Management

Be An Agile CU: Five Stages

Customers today want the companies they do business with to work with them when, where, and how they choose.

July 30, 2010
KEYWORDS agile , credit , innovation , unions
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With millennials opening bank accounts, saving money, getting student loans, purchasing cars, and getting mortgages, the rules have changed for credit unions.

Customers today want the companies they do business with to work with them when, where, and how they choose. For example, consumers (especially Gen Y) have come to expect basic text messaging services from the companies with whom they do business—and that includes credit unions.

These same consumers do most of their banking online, are ready for mobile banking, and expect protection against identity theft and other forms of fraud.

Historically, credit unions have focused their innovation in the area of operations. However, with tech-savvy members looking for better ways to interact with their money, credit unions are shifting their innovation focus to simplifying the financial lives of members. The problem is that 80% to 90% of a typical credit union’s information technology (IT) budget is allocated to maintaining existing—often outdated, systems.

With only 10% to 20% of their IT budgets available for new innovations, credit unions are hard pressed to quickly bring new products and services to market. Imagine if these credit unions could double their investment in innovation.

They can if they become agile.

Agile credit unions are moving towards easier, cheaper, more efficient, and more effective payment solutions. They’re focused on creating a unified payments platform from disparate silos.

By becoming agile, credit unions can take a significant portion of the IT budget that is currently being allocated to maintaining existing systems and put more money towards new products, services, and technologies.

This approach is well-proven elsewhere in the software industry. Companies used to buy point solutions such as Siebel’s Customer Relationship Management and PeopleSoft’s Human Capital Management.

But Oracle and SAP had the vision of helping companies operate more efficiently while providing more visibility into data across various applications. These software giants turned this vision into reality by creating fully integrated enterprise resource management solutions.

That’s precisely what is happening in the payments industry. Point solutions—whether they are for payment processing, online banking, wire transfer, or fraud prevention and detection—are rolling up into one integrated agile payments solution.

The five stages of agility

Getting to agility is a significant journey that can be defined by five stages. Each stage builds towards the next.

Every organization, even every system within an organization, will start its journey at a different point along the path. However, the first step is to change the way credit unions think about payments solutions so they can stop spending majority of their IT budgets maintaining old, redundant systems and focus on new innovations for members.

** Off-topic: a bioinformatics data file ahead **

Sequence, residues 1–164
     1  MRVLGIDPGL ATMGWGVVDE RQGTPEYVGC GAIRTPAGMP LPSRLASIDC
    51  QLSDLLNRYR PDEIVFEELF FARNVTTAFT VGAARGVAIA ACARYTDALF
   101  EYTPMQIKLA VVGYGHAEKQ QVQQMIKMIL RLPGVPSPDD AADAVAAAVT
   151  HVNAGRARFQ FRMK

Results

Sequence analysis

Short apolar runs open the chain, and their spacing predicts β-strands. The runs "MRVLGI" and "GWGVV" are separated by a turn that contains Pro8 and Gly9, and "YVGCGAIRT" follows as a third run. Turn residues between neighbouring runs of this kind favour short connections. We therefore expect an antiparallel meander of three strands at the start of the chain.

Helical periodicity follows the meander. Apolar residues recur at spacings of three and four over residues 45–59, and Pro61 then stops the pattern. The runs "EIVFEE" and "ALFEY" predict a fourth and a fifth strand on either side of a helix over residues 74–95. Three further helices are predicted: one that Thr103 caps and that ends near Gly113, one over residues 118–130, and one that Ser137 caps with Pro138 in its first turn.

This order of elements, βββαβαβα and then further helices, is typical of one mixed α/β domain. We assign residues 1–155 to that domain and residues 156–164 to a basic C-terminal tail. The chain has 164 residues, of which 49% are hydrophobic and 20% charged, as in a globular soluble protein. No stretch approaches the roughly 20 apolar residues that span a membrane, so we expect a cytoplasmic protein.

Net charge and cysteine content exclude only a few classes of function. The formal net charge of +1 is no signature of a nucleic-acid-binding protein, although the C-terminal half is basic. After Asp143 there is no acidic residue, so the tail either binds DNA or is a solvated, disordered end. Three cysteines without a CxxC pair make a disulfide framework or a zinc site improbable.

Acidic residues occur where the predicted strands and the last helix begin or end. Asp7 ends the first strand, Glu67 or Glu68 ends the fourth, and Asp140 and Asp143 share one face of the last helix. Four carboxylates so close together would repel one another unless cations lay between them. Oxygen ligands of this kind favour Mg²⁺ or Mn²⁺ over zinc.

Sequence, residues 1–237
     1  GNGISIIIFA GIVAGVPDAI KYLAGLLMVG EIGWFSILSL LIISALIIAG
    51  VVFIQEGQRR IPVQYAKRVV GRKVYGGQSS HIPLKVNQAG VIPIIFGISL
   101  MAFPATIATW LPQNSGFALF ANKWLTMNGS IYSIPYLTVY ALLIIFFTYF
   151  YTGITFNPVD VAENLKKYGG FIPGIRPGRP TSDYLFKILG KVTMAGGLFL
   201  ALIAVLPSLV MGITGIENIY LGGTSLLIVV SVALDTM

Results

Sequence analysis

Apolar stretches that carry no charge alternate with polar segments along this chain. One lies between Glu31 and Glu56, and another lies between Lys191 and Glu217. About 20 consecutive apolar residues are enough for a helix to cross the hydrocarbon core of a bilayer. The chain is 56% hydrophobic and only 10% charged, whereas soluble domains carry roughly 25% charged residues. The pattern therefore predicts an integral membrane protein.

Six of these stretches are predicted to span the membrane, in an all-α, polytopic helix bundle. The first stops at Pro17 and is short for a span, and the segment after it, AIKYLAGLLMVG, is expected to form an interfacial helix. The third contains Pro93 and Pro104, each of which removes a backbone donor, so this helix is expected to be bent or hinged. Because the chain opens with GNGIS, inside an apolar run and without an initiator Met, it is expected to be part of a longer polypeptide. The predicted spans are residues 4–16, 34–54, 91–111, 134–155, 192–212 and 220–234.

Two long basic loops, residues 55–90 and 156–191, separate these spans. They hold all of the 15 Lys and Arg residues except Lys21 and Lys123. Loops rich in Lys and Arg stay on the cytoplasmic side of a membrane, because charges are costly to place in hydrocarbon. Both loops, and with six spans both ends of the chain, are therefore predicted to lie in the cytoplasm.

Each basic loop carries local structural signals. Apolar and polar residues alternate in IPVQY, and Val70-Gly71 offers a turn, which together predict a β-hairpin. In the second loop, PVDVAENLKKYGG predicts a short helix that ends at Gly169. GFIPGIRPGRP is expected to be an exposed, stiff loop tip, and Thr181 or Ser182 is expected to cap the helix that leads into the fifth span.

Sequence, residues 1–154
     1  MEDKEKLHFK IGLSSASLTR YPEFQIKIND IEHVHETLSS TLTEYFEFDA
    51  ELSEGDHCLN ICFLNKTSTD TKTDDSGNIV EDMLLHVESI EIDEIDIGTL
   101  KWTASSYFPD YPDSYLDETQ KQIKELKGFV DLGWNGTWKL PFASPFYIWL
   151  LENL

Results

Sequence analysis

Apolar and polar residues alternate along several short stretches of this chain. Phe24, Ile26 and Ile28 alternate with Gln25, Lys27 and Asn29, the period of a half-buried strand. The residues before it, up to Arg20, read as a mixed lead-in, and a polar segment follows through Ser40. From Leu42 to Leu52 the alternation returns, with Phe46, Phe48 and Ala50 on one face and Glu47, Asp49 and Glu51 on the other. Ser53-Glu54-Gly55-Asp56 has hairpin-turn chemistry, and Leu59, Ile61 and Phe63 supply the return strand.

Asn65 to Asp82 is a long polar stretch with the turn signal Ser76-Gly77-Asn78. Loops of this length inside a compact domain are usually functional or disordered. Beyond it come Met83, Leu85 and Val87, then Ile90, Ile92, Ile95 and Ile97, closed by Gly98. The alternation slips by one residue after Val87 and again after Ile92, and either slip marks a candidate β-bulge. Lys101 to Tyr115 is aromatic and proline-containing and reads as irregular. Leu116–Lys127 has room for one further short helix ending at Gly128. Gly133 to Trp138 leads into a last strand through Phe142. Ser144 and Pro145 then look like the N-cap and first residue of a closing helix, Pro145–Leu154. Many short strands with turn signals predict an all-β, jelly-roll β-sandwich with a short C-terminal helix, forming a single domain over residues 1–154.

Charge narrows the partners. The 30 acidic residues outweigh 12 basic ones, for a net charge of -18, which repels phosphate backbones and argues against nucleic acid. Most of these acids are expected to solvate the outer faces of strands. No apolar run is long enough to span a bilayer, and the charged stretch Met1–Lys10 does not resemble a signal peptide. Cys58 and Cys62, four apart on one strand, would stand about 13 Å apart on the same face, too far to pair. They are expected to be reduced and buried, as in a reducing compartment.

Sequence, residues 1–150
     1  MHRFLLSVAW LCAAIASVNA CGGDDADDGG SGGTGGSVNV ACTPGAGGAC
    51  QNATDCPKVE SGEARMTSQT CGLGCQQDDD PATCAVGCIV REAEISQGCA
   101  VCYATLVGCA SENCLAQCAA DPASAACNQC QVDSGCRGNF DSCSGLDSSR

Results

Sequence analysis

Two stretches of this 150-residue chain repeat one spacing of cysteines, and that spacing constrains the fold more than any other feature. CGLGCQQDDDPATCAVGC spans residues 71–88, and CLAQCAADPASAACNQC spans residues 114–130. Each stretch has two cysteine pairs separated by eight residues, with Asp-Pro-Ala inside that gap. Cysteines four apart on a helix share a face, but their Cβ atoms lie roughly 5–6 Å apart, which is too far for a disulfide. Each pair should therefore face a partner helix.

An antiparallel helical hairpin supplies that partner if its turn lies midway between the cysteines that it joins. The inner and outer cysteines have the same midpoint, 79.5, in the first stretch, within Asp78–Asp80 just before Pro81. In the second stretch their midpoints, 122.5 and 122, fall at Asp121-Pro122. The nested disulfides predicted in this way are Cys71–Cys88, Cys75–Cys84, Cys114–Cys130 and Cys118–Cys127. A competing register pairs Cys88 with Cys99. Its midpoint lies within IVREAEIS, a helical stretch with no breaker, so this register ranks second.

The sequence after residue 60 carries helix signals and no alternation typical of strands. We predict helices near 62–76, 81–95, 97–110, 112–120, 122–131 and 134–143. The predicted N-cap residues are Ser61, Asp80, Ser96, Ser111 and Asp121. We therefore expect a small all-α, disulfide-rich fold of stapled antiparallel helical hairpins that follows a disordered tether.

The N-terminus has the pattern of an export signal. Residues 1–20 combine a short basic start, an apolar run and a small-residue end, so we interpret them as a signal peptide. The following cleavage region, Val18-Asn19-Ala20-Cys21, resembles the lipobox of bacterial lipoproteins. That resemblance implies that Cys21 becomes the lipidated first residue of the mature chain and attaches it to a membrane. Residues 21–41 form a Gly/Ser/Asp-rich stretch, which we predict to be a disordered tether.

Here are the five stages of agility:
1. Reliable. Having a reliable IT infrastructure means credit unions can serve their members with a well-functioning payment service that is available for use during all relevant time periods and capacity requirements.

Most credit unions have already mastered this aspect of the journey. However, it would be remiss to overlook this step in the process because it’s the foundation for success.

2. Compliant. In March, Credit Union Magazine published a compliance top 10 list for 2009. With industry compliance mandates becoming more complex and invasive, being compliant is much easier said than done.

It means having an IT infrastructure that enables the credit union to remain current on regulatory issues and reduce customer-specific modifications while decreasing risk and operating costs.

3. Efficient. Today, there is a lot of duplication in a typical credit union’s IT infrastructure. Becoming efficient means getting rid of this duplication. It means deploying and leveraging a common set of services on a single hardware platform or in an on-demand model—an approach that will reduce unit and operational costs.

4. Responsive. It’s difficult for any organization to be truly responsive if the leaders don’t have visibility into every aspect of the business. Credit unions struggle with this same problem because, with siloed payment systems, data is stored in disparate locations making it difficult to see the entire picture.

Credit unions with responsive infrastructures have the visibility they need to react to new business requirements in a timely manner, create higher levels of customer service, and leverage payments volumes strategically.

5. Agile. A credit union achieves agility when it can orchestrate a set of common services that are automatically activated based upon changing business and technical conditions, such as packaging a new product based on customer circumstances and current risk profiles.

As a result, agile credit unions will benefit from decreased time to market for new innovations, products, and services; reduced IT and other operating costs; and more IT budget dollars available for doubling down on innovation for its members.

Credit union leaders need to change the innovation equation. They need to start investing more money in new products and services for their members and stop spending money maintaining innovations of old. The only way to change this equation is to become agile.

By reading and considering these five stages to reach agility, credit union leaders can begin thinking about becoming agile and start getting their arms around how to move in this direction.

Louis A. Blatt is chief product officer at ACI Worldwide.

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